Getting Things Done has literally changed my life. That may sound like a cliche, but it's still true. Written by David Allen -- "the personal productivity guru"-- this 21st century self-help classic takes you from paper stacks, to-do overload and total confusion to a glowing light at the end of the tunnel. Allen teaches you about the power of the simple questions "What's the desired outcome?" and then, "So, what's the next action?" I have read countless books on organization and time managment, and I even help people organize their homes as a side business.. But this took me from being a fairly organized person to someone who finally feels in control. Allen starts from a premise that we all have a huge amount of vague thoughts and reminders to ourselves floating around. We feel stressed because we're uncounciously trying to remember it all and keep it straight. So he tells us to get it out of our head and written somewhere. And he means all of it! Then it goes into the in-basket -- ONE in-basket. He also explains the necessity of the weekly review of your in-basket. For me, the weekly review has become a life-saver. Nothing ever gets forgotten this way.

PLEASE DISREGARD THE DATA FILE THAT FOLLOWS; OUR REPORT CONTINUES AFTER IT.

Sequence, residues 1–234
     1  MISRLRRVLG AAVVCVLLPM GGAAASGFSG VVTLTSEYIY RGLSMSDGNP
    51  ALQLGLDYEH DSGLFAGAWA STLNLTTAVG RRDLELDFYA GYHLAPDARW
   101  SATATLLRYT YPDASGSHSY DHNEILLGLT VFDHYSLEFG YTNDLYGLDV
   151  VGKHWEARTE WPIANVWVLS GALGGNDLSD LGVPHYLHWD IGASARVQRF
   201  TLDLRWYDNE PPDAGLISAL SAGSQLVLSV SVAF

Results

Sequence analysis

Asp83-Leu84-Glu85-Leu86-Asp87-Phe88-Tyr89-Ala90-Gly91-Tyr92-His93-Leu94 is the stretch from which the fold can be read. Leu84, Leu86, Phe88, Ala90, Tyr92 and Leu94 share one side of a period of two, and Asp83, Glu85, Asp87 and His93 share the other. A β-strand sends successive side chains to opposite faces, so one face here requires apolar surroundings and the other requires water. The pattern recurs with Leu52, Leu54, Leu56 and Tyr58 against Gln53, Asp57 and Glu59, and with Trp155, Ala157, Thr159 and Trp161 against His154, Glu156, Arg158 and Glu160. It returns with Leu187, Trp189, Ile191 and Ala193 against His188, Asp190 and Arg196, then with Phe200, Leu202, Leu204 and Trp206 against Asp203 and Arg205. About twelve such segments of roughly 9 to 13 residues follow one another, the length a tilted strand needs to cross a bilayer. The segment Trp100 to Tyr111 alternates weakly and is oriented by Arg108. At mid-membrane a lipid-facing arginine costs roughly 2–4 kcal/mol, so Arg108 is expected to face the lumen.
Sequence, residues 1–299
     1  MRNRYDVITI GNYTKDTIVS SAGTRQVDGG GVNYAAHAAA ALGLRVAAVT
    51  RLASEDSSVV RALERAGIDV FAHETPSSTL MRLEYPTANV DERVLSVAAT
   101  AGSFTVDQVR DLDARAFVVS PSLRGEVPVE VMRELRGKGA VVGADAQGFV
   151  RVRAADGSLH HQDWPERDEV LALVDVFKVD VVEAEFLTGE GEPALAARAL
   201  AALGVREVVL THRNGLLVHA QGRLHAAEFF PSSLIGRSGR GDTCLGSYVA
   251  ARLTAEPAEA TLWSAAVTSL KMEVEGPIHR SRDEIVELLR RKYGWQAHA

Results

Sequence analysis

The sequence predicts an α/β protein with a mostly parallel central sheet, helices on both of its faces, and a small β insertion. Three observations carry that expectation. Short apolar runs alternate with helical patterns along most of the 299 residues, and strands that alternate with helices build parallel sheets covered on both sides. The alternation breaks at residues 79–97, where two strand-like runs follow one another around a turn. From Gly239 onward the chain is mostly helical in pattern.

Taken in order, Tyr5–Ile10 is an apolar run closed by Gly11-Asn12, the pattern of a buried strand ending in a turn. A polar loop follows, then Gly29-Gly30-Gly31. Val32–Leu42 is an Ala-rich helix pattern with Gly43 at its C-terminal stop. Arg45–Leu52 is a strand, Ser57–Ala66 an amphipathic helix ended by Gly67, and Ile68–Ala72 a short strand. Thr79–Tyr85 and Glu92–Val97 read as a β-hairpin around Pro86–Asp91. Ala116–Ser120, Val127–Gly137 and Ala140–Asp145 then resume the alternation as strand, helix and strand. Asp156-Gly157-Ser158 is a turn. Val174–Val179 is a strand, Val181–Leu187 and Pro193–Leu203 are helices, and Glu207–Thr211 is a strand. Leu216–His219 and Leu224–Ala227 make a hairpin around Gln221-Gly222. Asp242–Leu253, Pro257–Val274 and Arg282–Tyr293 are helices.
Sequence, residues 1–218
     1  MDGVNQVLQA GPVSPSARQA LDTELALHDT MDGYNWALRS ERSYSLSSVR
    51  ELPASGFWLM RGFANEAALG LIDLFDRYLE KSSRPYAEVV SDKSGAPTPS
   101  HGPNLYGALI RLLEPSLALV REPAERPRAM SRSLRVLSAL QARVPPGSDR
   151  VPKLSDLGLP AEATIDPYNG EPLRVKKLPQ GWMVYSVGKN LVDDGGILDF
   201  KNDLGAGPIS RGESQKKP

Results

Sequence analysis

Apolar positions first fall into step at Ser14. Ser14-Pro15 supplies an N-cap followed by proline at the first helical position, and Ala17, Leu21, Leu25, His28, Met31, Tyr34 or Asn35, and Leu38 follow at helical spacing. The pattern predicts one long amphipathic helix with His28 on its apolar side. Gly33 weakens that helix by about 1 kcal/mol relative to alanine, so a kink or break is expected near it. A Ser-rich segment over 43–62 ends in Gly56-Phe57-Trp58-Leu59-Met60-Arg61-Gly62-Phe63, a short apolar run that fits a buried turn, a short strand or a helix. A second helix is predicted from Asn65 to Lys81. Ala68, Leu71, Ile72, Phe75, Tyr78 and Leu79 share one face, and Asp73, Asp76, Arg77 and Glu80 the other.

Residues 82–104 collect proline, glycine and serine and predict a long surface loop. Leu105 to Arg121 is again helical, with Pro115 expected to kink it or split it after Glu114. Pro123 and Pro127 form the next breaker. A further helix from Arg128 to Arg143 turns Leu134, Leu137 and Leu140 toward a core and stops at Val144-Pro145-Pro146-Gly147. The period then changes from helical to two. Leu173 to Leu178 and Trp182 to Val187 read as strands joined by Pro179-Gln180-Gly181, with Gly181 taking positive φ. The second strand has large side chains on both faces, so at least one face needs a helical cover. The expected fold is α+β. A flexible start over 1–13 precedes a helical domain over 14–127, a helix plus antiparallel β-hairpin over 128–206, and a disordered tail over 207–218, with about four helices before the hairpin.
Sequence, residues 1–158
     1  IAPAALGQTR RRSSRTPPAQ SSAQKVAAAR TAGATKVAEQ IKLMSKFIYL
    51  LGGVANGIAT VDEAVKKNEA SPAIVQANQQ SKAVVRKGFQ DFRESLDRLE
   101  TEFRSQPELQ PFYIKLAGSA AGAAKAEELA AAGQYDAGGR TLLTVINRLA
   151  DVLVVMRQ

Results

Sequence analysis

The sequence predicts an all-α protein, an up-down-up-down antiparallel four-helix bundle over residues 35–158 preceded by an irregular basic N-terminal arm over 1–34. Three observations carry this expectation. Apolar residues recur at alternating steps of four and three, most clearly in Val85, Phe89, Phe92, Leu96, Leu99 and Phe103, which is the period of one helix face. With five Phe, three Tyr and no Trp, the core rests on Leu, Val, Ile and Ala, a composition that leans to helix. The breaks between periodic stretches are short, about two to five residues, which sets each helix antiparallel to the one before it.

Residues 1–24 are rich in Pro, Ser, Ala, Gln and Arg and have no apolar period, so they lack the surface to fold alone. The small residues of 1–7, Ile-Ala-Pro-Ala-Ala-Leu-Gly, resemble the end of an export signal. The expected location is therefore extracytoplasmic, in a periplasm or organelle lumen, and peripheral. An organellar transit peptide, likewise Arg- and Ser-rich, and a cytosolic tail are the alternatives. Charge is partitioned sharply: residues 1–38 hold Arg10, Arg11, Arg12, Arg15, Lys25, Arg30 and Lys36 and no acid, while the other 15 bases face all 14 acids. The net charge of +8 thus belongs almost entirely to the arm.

The only negative is Allen's writing, which can be somewhat confusing and wordy. I did find myself having to re-read frequently. It's unlikely anyone could finish this book and immediately start implementing the complete system. But there are facets of it which can help you right away. Allen's Two Minute Rule -- if it takes less than two minutes, do it now -- is a great way to get a lot of stuff off your plate. There's also his suggestion that you can have a single folder for a single piece of paper. No more overstuffed miscellaneous files!
Unlike many other organization books, this one doesn't make you feel guilty for those stacks of paper on the flooor, losing the phone bill and forgetting to buy catfood. Allen makes it clear that most of us already intuitively know how to manage our lives. We just don't have a concise and systematic way of getting on top of things. His step-by-step program takes common sense to a higher level, and it is easily adapted to anyone's lifestyle, whether a CEO or a stay-at-home-mom. I refer to this book often. It lives on the kitchen counter by the telephone. In his first sentence Allen boasts "It's possible for a person to have an overwhelming number of things to do and still function productively with a clear head and positive sense of relaxed control." Read Getting Things Done and start putting in place a system to gain control over your life.